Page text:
Vice President Mike Pence generated some debate recently when he revealed that he does not have lunch with a woman unless his wife is present. He claims this is to protect their marriage and that is an honorable motive.
In the real world most people don’t have the option of such a safeguard. Many of us, however, have handled the situation well without spousal chaperoning.
In the 21st century an ever-increasing number of women are serving in key business positions. Men and women work together regularly and some do business over lunch.
I became the advertising director at The Sioux City Journal in late 1981, when the number of women in sales, marketing and management was ballooning. As a 30-something father of two whose mother I loved with all my heart, I did find the first few times I dined alone with another woman to be a little awkward. The women I dined with, however, were bright and professional and I soon overcame my timidity.
In the 35 years that have followed I have enjoyed conducting business with women over lunch or dinner many times. Women are just as serious about their careers as men (often more so) and they are just as anxious to succeed. Most women have had to work harder to get where they are than their male colleagues.
Men who fear that being alone with a female business associate will lead them astray need to examine (a) their attitude toward women, (b) their commitment to their wives and (c) their level of maturity. The bottom line, boys: most women don’t find you as irresistible as you think.
Dr. Gary Rosberg, co-founder of America’s Family Coaches and the Cross Trainers men’s ministries in Des Moines, encourages men to “guard your heart.” The admonition comes from Proverbs 4:23: “Above all else, guard your heart, for everything you do flows from it.” (NIV) This is good advice for men and women from all walks of life.
Some 20 years ago I was registered for a regional press convention in Chicago that began on a Sunday evening. Several days before the event a longtime industry associate called and asked when I planned to leave for the convention.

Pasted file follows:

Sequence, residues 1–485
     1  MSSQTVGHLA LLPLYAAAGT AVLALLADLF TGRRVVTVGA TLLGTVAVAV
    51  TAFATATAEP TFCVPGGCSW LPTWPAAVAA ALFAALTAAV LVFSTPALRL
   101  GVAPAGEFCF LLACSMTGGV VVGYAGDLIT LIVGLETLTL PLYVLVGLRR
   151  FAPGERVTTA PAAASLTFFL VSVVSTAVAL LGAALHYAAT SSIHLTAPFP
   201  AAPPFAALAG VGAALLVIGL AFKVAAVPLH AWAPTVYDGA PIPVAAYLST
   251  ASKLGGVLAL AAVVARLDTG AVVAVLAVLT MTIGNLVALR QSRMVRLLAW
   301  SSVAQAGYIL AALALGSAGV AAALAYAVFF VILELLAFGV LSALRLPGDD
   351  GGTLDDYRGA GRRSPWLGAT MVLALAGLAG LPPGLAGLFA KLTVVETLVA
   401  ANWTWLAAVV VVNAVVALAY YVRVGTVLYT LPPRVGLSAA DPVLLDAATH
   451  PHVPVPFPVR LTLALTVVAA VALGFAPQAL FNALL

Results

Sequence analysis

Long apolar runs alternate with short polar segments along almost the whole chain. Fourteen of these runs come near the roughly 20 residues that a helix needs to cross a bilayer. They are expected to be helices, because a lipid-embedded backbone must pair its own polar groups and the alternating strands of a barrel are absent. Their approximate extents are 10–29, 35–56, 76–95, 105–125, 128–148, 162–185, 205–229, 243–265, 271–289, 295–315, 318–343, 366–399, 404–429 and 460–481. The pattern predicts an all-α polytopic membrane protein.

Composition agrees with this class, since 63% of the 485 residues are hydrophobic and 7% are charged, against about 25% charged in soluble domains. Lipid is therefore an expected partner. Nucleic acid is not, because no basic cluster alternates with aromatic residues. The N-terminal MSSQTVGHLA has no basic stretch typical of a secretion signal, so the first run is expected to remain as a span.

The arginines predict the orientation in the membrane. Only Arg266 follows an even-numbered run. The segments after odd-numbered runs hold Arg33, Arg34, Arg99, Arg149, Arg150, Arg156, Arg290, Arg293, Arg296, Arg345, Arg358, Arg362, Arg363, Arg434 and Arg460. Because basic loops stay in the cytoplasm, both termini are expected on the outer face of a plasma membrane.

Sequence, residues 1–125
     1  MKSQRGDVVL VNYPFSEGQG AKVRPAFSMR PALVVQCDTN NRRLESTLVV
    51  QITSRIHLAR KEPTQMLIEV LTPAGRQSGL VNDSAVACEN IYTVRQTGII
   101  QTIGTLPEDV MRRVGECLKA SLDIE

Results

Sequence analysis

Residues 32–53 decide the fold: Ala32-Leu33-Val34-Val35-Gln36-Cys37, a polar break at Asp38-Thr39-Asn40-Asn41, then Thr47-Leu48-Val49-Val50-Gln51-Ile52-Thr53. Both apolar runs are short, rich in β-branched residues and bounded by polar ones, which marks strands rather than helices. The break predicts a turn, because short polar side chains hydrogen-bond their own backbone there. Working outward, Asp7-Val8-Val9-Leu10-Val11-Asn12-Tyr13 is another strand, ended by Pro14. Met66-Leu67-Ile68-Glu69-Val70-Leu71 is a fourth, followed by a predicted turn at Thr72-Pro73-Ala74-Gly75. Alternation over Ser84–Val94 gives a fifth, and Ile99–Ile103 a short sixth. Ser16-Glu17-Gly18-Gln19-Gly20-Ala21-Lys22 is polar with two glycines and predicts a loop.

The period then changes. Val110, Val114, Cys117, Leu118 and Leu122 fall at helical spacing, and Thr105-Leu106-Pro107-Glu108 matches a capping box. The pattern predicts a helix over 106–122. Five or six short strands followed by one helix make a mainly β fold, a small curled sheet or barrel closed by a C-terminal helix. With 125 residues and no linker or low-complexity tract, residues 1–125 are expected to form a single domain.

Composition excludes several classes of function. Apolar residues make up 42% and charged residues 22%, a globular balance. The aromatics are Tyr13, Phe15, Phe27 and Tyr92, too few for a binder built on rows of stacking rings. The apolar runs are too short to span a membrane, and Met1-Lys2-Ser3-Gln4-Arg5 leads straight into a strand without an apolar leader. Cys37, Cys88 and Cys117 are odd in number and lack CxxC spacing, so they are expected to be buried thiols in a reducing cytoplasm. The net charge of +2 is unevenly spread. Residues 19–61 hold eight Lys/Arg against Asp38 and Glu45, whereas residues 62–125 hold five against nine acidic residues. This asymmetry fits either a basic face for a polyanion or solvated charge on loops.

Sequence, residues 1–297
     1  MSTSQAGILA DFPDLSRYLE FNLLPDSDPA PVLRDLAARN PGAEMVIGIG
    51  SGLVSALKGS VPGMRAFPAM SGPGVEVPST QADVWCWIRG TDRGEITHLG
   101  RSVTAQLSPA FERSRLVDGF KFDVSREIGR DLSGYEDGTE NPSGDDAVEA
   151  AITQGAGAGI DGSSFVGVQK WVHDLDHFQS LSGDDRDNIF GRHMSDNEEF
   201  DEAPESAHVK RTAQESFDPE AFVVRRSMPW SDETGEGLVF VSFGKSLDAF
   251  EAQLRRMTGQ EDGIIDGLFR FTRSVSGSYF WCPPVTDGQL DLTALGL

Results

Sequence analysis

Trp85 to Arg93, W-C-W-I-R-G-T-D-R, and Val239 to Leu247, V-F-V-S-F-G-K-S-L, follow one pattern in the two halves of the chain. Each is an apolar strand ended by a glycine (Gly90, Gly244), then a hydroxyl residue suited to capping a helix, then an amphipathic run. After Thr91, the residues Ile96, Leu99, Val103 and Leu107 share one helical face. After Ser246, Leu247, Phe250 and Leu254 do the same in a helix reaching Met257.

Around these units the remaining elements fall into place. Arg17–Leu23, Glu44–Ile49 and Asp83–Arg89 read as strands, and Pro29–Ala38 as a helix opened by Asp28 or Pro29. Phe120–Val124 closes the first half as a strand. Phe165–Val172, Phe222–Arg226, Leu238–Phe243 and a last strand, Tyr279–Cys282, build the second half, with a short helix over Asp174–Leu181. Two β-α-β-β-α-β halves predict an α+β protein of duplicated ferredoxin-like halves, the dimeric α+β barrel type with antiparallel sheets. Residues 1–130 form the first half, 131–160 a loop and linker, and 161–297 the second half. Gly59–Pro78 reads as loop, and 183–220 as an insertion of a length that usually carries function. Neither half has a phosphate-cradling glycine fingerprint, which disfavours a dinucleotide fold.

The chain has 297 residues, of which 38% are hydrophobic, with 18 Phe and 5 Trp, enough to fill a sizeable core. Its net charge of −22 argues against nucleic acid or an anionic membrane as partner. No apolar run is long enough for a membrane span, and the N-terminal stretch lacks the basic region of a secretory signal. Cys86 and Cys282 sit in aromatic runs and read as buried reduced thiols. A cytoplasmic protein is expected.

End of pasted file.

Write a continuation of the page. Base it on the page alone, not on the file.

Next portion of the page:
When told him I was heading out on Sunday morning he asked if I would pick up his wife in the Quad Cities and drive her to Chicago. He was registered for the same convention but also had Friday and Saturday meetings in Chicago and his wife didn’t want to sit in a hotel room all that time.
I had not met my friend’s wife before. He had been widowed a couple of years earlier and had only recently remarried. He was a great guy and had become a good friend.
“Sure; I’d be happy to give Eleanor a ride to Chicago,” I replied.
The next Sunday I stopped at a house in the Quad Cities, introduced myself to my friend’s wife, loaded her bags in the trunk and headed east.
Eleanor was a fascinating travel companion. A brilliant woman with an international background she had been widowed while living on a Pacific Island.
Midway to Chicago we enjoyed lunch at a fast food restaurant.
Upon arrival at our downtown convention hotel, I pulled into the valet parking lane and we stepped into the registration line in the hotel lobby.
Across the room I could see a female member of our corporate staff watching Eleanor and me. She was acquainted with my wife and my presence in a hotel registration line with a different woman appeared to concern her.
She approached us with a smile said, “Hello, Arvid.”
I responded warmly.
Her smile disappeared. “So… CINDY decided NOT to come with you this year?”
I quickly introduced her to Eleanor and explained the circumstances. Her smile returned.
After checking-in Eleanor went to her and her husband’s room and I went to mine.
That’s the end of the story except for this: mature men and women who love their spouses and care about their marriages can work, travel and dine together without a chaperone and without immoral consequences.
Men and women who respect each other and guard their hearts will be just fine.